DataGravity CEO Paula Long
By Heather Clancy
February 20, 2015

When it comes to data management, many startups accentuate the negative, warning of the scary things that can happen to businesses that don’t control access.

DataGravity’s pitch is more nuanced. Yes, its technology protects companies against potentially embarrassing or costly information exposure. It also helps identify files buried within digital file cabinets that maybe should be shared more readily—automatically indexing, securing and managing files as they are saved based on potential compliance concerns. Most businesses, especially smaller ones, don’t typically have the time or resources to do this.

“It’s really about harvesting the information in your humanly generated data, making sure you’re leveraging the positives and protecting yourself against the negatives,” said the New Hampshire startup’s co-founder and CEO, Paula Long.

DataGravity calls this strategy “data-aware” storage; it has raised $92 million in venture funding from Accel Partners, Andreessen Horowitz, Charles River Ventures, and General Catalyst Partners to tell its story. Long and her co-founder John Joseph should have little difficulty finding an audience: their previous startup, EqualLogic, sold to Dell for $1.4 billion.

Fortune spoke with Long about what sets DataGravity apart and what’s driving early adoption of its Discovery Series product line, which shipped commercially in October 2014. Following are interview excerpts, edited for clarity and length.

Define ‘data-aware’ storage.

Storage technology really is, for lack of a better word, just a bunch of bookcases to store information. I used to say ‘containers,’ but now I use ‘bookcases’ or ‘milk crates’ or ‘file cabinets’ with no organization, except for minimal alphabetical organization.

What happens today is all your data is stored there, but you don’t know anything about it. You don’t what’s helpful, and you don’t know what’s scary. Storage is a big, black box. Data-aware storage is about taking that file cabinet full of stuff and then finding the good stuff and leveraging it to make the company more successful; or finding the scary stuff and containing it.

Why aren’t businesses doing this already?

Midsize companies are just starting to figure out how to do this, because a lot of data privacy and data governance issues are being raised. They know they’re exposed, and so they’re trying to figure out, “How are we gonna keep track of our data?” And then they see cases where people have left companies, taking along massive data dumps. How do you know if somebody’s just read everything and written it to a thumbnail drive or uploaded it to Dropbox or something on their way out the door? Right now, it’s hard to tell.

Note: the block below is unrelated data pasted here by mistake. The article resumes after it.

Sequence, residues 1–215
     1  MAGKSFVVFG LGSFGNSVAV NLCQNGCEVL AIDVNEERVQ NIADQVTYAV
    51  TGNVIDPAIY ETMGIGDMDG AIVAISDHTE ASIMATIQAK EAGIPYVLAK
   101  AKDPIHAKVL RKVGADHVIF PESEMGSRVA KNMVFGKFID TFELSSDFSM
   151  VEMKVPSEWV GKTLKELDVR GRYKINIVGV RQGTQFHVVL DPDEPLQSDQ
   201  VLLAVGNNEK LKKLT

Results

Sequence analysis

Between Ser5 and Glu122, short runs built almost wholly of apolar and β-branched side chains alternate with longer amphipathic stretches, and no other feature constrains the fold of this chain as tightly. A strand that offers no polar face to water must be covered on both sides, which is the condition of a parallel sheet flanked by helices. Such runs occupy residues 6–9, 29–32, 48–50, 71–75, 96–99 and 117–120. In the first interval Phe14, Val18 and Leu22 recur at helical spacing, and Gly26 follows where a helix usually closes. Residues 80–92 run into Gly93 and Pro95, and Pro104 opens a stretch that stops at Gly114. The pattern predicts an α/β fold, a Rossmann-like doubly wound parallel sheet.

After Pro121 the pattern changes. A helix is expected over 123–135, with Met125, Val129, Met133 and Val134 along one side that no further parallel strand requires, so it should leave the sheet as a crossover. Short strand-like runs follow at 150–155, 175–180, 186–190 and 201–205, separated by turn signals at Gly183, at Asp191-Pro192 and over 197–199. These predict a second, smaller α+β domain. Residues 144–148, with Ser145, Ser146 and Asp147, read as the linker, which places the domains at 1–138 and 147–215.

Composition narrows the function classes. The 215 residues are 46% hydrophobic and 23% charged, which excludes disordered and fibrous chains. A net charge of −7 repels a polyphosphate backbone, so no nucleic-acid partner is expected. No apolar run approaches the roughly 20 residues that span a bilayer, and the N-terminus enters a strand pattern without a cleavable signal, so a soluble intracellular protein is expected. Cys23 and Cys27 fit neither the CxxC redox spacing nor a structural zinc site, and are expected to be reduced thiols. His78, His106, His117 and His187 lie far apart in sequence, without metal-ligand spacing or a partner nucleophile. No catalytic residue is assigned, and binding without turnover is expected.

You mentioned this is for humanly generated data. What does that mean?

We actually handle 400 different types of unstructured data—it’s your Office files or your Macintosh files or your Excel files or your [computer-aided design] files. We can look at the metadata within your videos and images, but we’re not actually looking inside your videos and images or texts, right now. We could do that in the future. Our technology can tell who’s reading and writing any particular file.

Your first products shipped in October 2014. Where are you finding early success?

In legal, in accounting, in small financials, in state and county governments—because they really do have to keep track and make sure their content is secure. We also are finding some success in engineering companies and retail.

What’s top of mind for 2015?

This may sound obvious, but I really believe you should know what’s in your data, and you shouldn’t have to pay extra to know. It is the storage array’s responsibility to tell you. It’s absurd that a business should have create all this elaborate infrastructure just to figure this out.

Why aren’t you just a software company?

There’s this concept of primary storage, and where you’re reading and writing your data. What companies do today is try to index that primary storage while they are using it, which can bring performance to its knees. At the same time, they might be trying to figure out what data has changing and why someone is using it. After that index, however, you lose the trail. Sometimes, you can’t return to certain files because they were overwritten. They no longer exist.

We deliberately decided not to put the burden on the primary storage; we wanted to be able to index [data] without impacting day-to-day work. That’s why our technology needs to include both hardware and software.

What advice would you give to other business technology entrepreneurs, particularly as pressure rises to produce billion-dollar valuations?

My advice is to be 100% focused on happy customers. Don’t get caught up in, “I made this much,”or “My valuation is this,” or “My valuation is that.” Frankly, that’s all very meaningless. The meaningful metric is happy customers. And then the next meaningful metric is happy customers who continue to buy and want to actually refer you to other soon-to-be-happy customers.

None of these customers want you to go out of business, so they want you to make them happy at a reasonable profit without gouging them. That’s why we’re not charging a premium for all the additional features we’ve added [to our storage products]. We believe that if you bought the house, you ought to be able to go inside and find out what the rooms look like. Philosophically, the same should be true of data storage technology.

This item first appeared in the Feb. 20 edition of Data Sheet, Fortune’s daily newsletter on the business of technology. Sign up here.


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